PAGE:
Reviewed Performance 6/24/2017
Reviewed by Mildred Austin, Associate Critic for John Garcia's THE COLUMN
Stage West in Fort Worth brings to its boards the Regional Premier of Laura Eason's play, SEX WITH STRANGERS, which will run at the theatre through July 23. It is a smart production all around: smart script, smart actors, smart staging and smart settings for the unfolding of this modern day "two on a see saw". The result is that, as an audience member, you are made to feel very much a part of what is otherwise a very intimate, often tangled relationship between Olivia and Ethan who couple, and uncouple and recouple as their emotional and professional lives unfold.
This is a two person show, which places the responsibility for the progression of the action squarely on the two actors. And Dana Schultes as the conflicted and uptight Olivia and Jake Buchanan as the gung-ho Ethan are up to the task. Ms. Schultes begins appropriately quiet, stand-offish and reluctant to become involved with Ethan, played by Mr. Buchanan. The latter literally blows onto the stage full of energy and flirtatiousness and blunt charge-ahead confidence. Both actors have exquisite command of voice and face and move easily between the several juxtapositions their characters find themselves in during the two acts.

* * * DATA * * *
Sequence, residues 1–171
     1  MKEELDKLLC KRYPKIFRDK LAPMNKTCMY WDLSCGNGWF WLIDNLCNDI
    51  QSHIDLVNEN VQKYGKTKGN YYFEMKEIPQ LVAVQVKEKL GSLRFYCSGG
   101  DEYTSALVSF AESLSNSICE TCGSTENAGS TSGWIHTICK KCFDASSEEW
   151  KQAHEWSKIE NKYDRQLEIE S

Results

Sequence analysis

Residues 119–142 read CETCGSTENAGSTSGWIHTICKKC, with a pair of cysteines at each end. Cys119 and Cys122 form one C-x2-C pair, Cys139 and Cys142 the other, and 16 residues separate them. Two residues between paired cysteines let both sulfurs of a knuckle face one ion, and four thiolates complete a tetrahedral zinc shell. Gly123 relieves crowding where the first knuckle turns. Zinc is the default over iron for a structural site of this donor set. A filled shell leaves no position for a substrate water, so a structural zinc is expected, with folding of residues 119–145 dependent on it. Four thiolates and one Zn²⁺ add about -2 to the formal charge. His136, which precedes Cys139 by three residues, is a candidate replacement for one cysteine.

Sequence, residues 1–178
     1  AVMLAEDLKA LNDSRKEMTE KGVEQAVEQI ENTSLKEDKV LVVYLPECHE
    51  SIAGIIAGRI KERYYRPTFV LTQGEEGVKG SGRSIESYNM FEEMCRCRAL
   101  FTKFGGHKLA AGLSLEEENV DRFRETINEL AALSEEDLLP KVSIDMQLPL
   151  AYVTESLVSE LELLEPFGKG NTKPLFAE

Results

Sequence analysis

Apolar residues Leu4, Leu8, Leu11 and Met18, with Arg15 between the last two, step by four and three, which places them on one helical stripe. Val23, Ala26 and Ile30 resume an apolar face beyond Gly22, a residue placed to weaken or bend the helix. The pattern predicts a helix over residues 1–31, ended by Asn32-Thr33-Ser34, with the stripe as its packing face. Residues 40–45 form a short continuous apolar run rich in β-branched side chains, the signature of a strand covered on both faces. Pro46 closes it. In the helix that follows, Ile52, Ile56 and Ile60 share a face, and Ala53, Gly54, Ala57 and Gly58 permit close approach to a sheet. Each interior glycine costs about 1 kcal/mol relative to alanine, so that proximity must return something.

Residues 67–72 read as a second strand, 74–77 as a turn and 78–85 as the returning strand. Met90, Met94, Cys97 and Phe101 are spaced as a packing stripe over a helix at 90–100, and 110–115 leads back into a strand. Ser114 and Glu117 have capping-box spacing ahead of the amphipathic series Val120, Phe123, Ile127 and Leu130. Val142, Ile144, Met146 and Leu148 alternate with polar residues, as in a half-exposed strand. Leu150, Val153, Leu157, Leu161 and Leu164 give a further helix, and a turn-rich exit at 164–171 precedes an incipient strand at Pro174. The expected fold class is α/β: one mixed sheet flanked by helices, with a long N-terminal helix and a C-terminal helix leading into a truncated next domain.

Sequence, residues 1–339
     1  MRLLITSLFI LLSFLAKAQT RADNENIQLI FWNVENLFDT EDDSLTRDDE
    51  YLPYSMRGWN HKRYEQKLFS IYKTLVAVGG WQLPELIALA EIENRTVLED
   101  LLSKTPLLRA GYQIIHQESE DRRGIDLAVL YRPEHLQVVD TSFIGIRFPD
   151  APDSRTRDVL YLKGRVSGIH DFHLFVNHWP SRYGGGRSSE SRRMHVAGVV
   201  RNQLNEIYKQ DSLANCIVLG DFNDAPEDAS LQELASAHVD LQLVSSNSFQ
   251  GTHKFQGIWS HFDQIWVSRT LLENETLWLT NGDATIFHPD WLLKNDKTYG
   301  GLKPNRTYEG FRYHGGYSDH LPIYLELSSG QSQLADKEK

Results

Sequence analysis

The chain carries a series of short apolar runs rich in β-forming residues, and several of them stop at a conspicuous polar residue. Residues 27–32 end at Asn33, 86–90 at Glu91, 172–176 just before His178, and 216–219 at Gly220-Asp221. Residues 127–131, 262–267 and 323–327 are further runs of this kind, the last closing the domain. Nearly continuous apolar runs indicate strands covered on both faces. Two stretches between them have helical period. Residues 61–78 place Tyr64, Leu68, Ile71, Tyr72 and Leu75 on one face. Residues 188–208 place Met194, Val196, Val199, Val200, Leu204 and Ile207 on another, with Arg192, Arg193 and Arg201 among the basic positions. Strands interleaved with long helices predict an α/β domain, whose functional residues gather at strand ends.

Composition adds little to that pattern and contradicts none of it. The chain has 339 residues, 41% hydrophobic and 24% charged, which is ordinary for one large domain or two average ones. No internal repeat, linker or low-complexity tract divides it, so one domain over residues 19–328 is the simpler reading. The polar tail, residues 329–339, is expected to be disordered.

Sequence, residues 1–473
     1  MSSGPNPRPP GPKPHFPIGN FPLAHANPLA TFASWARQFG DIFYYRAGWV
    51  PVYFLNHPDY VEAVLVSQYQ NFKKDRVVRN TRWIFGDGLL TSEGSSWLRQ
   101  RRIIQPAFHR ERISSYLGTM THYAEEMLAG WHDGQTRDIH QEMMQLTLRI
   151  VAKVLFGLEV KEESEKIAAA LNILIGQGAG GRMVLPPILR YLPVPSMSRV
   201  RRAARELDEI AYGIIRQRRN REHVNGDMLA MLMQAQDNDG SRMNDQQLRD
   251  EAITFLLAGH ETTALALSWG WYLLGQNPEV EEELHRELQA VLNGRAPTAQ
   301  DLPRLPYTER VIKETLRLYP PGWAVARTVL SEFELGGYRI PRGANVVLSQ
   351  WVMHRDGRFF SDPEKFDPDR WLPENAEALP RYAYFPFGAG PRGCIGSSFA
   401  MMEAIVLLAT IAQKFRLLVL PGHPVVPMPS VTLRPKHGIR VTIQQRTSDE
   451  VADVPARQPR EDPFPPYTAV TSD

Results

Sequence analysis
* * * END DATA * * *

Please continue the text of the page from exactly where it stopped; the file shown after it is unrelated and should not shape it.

Recently retired Stage West Artistic Director and Co-Producer Jim Covault, directs this show. He expertly brings together all the elements in an engagingly produced and smartly staged performance during which the characters draw us into their lives. The physical theatre seems to produce some staging challenges as the window to the world of the actors is quite wide literally. This sometimes causes extreme stage left and right to be ignored and the action tends to bunch up stage center. Again, the very wide proscenium opening played into this.
This play offers up thought-provoking commentary on Ethan's upfront and sometimes in-your- face sexist attitudes that are frankly challenged by the woman with whom he has a physical, emotional, professional and financial involvement. And we are offered insight into Olivia's conflicted emotions and her search for professional confidence and independence. We are challenged to ask ourselves how much would we compromise our integrity to achieve financial and artistic success? Searching for those answers provides two hours well spent in the theatre.